19. M-61

    M-61 "Quis Separabit" Site $$ Contributor

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    Can't beat this site for a wealth of info. I was surprised by the comments on the negative side because I have been a die-hard (no pun) RCBS buyer since the early 60's, and have never had a problem.(and their customer service can not be beaten).
    Thanks again for the extensive answers....and to the FORUM BOSS....your phrase "same-same" took me back to a different time and place, momentarily.
    More importantly, all the info is much appreciated.
     
  20. stubbicatt

    stubbicatt Site $$ Contributor

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    Man. Boss, I'm glad yours works well. Frankly I'm disappointed in mine. In your posting you suggested that resizing brass from a SAAMI chamber may over extend the design. But I was sizing Lapua brass fired in a CZ rifle which has no shoulder growth upon firing, as compared to new, unfired, Lapua brass. It took 1 and 1/4 turns in of a Lee FL sizing die to get the shoulders set back to where they needed to be, -.002. And this I did by sneaking up on it, I mean I threaded in the die the +1/4 turn, and it did nothing. I turned it in a wee bit at a time until I obtained the shoulder setback I sought, and set the lock ring, and sized my brass. Upon withdrawing the die from the die plate, and turning it in again I learned it was ~ 1 and 1/4 full turns in after firm contact with the shell holder. :(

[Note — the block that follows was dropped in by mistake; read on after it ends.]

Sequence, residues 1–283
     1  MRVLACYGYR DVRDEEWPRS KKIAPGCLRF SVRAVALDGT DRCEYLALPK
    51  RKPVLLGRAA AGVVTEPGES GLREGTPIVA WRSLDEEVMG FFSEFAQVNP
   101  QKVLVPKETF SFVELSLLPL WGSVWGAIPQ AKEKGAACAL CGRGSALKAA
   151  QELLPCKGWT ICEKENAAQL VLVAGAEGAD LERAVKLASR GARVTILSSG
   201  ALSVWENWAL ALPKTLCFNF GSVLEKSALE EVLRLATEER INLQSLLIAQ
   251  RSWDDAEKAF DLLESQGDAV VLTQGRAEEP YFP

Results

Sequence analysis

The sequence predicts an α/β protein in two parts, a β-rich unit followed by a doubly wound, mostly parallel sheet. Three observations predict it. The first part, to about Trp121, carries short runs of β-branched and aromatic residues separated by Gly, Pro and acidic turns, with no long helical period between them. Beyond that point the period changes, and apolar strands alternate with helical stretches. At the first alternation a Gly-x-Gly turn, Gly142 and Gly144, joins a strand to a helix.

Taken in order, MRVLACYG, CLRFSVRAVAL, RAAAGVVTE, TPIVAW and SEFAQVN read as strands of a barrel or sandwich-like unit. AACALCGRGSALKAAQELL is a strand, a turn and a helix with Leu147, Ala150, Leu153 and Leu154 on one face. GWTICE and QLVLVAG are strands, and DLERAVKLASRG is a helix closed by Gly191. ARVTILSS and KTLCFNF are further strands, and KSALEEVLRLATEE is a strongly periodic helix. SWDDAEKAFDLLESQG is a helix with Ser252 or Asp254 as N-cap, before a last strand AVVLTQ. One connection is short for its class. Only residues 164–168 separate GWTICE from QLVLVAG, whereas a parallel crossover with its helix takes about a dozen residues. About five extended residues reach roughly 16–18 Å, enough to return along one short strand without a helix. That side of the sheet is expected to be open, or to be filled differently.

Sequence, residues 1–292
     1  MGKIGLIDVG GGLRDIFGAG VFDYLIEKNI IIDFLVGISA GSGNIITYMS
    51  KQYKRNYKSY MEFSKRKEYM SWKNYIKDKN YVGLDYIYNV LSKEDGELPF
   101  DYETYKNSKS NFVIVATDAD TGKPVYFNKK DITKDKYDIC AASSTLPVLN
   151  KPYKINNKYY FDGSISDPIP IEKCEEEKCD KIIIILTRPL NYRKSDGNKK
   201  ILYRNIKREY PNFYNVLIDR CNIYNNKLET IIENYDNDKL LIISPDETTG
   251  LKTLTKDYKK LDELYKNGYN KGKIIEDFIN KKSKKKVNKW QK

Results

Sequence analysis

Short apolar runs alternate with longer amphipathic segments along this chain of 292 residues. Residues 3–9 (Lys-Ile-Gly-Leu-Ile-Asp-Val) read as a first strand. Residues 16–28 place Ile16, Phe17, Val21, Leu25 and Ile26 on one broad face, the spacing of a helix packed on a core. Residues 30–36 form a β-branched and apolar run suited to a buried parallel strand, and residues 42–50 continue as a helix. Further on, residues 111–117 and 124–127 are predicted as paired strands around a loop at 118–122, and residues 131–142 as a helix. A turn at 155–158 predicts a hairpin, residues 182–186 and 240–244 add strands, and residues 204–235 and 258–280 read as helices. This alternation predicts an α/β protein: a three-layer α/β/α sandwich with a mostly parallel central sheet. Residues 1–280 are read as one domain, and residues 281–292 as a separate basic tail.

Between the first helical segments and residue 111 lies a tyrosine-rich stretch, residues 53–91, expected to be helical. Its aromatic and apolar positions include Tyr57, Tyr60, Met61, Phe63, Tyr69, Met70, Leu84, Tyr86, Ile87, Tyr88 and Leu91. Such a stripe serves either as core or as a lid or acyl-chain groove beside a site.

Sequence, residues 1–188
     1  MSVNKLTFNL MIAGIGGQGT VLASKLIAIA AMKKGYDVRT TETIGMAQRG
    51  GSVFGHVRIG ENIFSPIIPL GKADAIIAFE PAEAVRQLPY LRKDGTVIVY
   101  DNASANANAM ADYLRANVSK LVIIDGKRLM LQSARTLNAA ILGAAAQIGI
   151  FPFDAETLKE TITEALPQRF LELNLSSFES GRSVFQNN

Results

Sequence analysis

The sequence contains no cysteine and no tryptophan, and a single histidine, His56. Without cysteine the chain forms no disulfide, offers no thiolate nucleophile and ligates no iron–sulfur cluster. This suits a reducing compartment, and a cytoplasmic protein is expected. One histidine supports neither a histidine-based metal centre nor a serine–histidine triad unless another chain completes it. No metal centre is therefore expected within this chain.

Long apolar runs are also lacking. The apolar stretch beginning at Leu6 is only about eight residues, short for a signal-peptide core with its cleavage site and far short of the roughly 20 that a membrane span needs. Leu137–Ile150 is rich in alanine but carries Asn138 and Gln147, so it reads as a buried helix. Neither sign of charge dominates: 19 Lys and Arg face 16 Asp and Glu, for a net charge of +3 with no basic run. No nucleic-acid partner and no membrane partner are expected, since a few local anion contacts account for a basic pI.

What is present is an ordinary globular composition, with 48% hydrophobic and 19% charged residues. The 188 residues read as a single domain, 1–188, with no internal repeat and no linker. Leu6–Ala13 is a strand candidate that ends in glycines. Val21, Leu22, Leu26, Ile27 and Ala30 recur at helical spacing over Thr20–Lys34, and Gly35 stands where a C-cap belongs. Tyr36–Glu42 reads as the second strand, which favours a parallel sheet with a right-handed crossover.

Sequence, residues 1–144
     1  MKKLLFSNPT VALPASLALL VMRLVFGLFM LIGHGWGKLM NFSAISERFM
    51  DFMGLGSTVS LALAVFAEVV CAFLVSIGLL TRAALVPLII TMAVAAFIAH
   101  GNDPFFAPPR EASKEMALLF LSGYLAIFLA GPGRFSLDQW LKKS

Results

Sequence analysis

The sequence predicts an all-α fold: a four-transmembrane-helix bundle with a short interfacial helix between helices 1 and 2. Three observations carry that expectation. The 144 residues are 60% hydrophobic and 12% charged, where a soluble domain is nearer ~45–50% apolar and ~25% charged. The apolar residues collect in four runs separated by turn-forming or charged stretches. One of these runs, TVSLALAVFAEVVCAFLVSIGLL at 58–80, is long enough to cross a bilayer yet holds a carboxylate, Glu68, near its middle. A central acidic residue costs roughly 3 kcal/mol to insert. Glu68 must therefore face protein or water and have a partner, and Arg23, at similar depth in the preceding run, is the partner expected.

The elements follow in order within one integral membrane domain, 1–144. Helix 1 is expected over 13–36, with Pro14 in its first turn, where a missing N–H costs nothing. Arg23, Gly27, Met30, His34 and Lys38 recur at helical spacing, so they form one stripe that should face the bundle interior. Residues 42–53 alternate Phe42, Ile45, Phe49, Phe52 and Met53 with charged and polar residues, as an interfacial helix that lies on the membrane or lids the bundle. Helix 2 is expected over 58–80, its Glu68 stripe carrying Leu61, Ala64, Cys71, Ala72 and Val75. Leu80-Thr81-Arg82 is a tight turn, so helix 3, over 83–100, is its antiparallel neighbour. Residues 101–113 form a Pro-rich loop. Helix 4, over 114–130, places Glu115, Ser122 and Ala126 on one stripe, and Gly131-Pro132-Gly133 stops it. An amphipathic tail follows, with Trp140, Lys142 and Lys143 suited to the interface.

The cam-over force in my example is alarming.

    I emailed RCBS, and they are sending a shipping label so that I may return it to the factory for them to figure it out. In their email the tech said that he thinks that something is wrong with my press, and he wants to see if he can fix it. I have never, ever, faulted RCBS customer service which is top notch, and it may well be that I have a defective example, and that they may be able to fix it. I surely do hope so because I really like the design, and want to be able to enjoy the press. :)